Maasai Warriors help Protect Lions.

Maasai warrior Kamunu Saitoti scans the Kenyan rangelands for a signal from a number of lions that have been fitted with radio collars.
Saitoti is part of an organisation called Lion Guardians, a conservation initiative started in 2007 to find ways for the Maasai and lions to coexist.
Scientists estimate that lion populations in Africa have fallen by more than 40% in the past 20 years and the 20,000 or so wild lions that remain occupy just 8% of the species’ historical range.
Image Credit: Photograph by Marcus Westberg/Life Through A Lens.
Source: Travel photo of the week: the warriors helping to protect lions in Kenya | Travel | The Guardian

The Desert libraries of Chinguetti.

Desert libraries of Chinguetti, by Patrick Tanguay
Al Ahmed Mahmoud Library in Chinguetti
I did not know about these wonderful places. For hundreds of years, families in Mauritania have been maintaining libraries of old Arabo-Berber books.
Originally on the route of pilgrims travelling to Mecca, the libraries are now at risk from the spreading Sahara and ever dwindling numbers of visitors, in part because of security restrictions due to terrorism.
Most of Chinguetti consists of abandoned houses which are being swallowed up by the ever encroaching dunes of the Sahara.
But this was once a prosperous city of 20 000 people, and a medieval centre for religious and legal scholars. It was known as “The City of Libraries”
Mauritania’s hidden manuscripts. The bone-dry wood creaks as the book opens at a page representing the course of the moon, framed by black balls and red crescents.
The manuscript contains 132 pages of Arab astronomy bound in well-worn leather, a 15th-century treasure stored, with similar items, in a cardboard box in a traditional dwelling in Chinguetti.
Seen as a legacy from their ancestors, the families feel it’s an honour for them to care for these books.
Source: Desert libraries of Chinguetti

Under an African Sky.

prod-yourshot-259580-3371925-web

Image Credit: Photograph by Carey Nash, National Geographic Traveler Photo Contest
A Hamar woman and her son stand beneath a dramatic sky in Ethiopia’s Omo Valley.
“After walking from our tent along the riverbed, we met up with this nearby village and the beautiful people [who] lived there,” writes photographer Carey Nash. “We felt so welcomed.”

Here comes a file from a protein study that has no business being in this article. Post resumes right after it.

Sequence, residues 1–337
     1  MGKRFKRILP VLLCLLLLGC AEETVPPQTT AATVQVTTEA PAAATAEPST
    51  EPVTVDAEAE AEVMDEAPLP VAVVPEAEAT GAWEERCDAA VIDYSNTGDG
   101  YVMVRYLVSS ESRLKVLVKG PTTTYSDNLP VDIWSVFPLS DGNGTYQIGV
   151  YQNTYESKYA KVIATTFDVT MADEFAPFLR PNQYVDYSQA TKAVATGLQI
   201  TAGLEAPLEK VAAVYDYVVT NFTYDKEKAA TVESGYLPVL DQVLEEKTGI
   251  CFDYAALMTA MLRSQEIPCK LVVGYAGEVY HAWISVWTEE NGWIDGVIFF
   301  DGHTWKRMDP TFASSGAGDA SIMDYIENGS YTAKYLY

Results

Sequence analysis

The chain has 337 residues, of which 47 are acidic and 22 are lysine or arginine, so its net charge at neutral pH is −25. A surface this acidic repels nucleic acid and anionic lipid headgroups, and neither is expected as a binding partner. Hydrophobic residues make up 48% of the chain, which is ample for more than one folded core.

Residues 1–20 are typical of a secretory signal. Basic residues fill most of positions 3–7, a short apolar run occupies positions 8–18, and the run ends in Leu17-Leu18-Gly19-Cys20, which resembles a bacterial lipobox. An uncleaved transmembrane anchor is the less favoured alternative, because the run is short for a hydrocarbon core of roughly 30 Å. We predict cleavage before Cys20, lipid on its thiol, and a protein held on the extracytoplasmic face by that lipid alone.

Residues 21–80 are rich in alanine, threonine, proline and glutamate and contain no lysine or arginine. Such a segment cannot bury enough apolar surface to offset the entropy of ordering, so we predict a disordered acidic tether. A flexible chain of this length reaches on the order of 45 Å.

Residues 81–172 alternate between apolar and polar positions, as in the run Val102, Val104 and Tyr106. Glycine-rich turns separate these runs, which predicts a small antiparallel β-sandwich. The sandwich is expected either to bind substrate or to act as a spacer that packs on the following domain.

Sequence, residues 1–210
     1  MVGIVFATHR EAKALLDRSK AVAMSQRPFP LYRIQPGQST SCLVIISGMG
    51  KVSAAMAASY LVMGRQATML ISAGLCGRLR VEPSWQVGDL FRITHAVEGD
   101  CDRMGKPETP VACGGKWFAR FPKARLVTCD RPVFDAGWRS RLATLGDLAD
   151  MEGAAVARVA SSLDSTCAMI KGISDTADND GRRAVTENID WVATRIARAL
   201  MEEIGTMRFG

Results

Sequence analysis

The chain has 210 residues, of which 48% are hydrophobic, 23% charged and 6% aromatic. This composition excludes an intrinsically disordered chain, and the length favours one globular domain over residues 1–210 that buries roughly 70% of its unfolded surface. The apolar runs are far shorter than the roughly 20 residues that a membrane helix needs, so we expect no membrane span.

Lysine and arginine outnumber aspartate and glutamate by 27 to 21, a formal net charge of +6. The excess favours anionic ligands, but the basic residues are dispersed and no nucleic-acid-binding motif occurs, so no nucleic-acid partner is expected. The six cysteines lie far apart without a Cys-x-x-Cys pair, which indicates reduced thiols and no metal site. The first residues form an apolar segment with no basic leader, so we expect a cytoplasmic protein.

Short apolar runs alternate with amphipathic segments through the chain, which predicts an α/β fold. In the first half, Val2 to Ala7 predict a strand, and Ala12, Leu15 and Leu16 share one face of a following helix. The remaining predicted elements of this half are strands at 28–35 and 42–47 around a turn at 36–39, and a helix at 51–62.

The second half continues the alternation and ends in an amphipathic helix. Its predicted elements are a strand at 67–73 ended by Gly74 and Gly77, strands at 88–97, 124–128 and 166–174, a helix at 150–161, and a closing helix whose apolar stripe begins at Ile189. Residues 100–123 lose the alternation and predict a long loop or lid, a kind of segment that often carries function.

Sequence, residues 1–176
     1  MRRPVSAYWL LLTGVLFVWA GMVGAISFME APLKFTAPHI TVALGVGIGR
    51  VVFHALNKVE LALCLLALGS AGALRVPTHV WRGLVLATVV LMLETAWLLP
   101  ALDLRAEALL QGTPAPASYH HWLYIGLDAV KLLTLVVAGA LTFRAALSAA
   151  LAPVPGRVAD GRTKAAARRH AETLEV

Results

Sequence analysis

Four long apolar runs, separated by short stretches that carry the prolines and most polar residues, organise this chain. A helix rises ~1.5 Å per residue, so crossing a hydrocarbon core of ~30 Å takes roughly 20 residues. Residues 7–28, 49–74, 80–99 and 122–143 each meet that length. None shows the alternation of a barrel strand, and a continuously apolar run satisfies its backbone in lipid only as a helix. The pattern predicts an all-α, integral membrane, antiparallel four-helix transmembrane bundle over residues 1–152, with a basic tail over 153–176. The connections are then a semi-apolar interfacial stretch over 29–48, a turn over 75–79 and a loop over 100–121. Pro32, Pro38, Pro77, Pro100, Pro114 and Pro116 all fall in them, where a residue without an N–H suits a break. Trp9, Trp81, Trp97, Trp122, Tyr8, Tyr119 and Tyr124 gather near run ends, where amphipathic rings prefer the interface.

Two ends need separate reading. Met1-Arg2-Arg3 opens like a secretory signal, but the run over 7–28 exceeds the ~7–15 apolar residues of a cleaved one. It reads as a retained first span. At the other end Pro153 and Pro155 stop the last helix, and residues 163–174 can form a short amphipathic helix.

Source: Photo of the Day: Best of June | PROOF

Rashida. scrapyard Water Seller, Accra.

Image Credit: Photograph by Carolina Rapezzi, first place, single.
Rashida, originally from the north of Ghana, is a water-seller in a scrapyard in Accra.
Agbogbloshie is one of the biggest electronic waste dumps in the world.
Broken computers and appliances are burned to extract raw materials like copper, iron and aluminium. …
Workers and children are exposed to toxic emissions.
Rashida sells water bags for 1 Ghanaian Cedi (15p) to workers who need to extinguish the fire and cool down the copper extracted from burning cables, wires and other appliances’
Source: Ruby slippers and Retrotopia: LensCulture winners – in pictures | Art and design | The Guardian

The Serval, the Leaping Wild Cat.

serval_cat_leapsFound among the grasslands of sub-Saharan Africa, the serval looks like a cat on stilts.
Immediately recognizable by its long legs and large, rounded ears, this graceful feline’s stretched-out look is perfectly suited to detecting and pouncing on prey in the tall grass.
Capable of jumping 12 feet into the air, servals can nab fleeing birds in mid-air and get the drop of scurrying small mammals.
And this cat’s genetic legacy isn’t restricted to the savannah.
Cat breeders have created a domestic cat-serval cross called the Savannah cat, and they’ve become accepted enough that The International Cat Association now recognizes them as a championship breed.
zooan_servalcat_687w
via Ten Amazing Small Wild Cats | Science | Smithsonian.

Nana Assenso, chief of Adidwan village, Ghana.

Nana Assenso, 68, chief of Adidwan, a village in Ghana’s interior, looks on before visiting the grave of his uncle Kwame Badu, in Adidwan, Ashanti Region, Ghanaon 21 July.
His uncle’s name Kwame Badu, has been passed on through the family in remembrance of an ancestor with that name who was captured and sold into slavery long, long ago.
“Growing up, I was told the story of two of my great-great-grand-uncles Kwame Badu and Kofi Aboagye who were captured and sold into slavery,” said Assenso.
He followed the family tradition and named his youngest son Kwame Badu.
Image Credit: REUTERS/Francis Kokoroko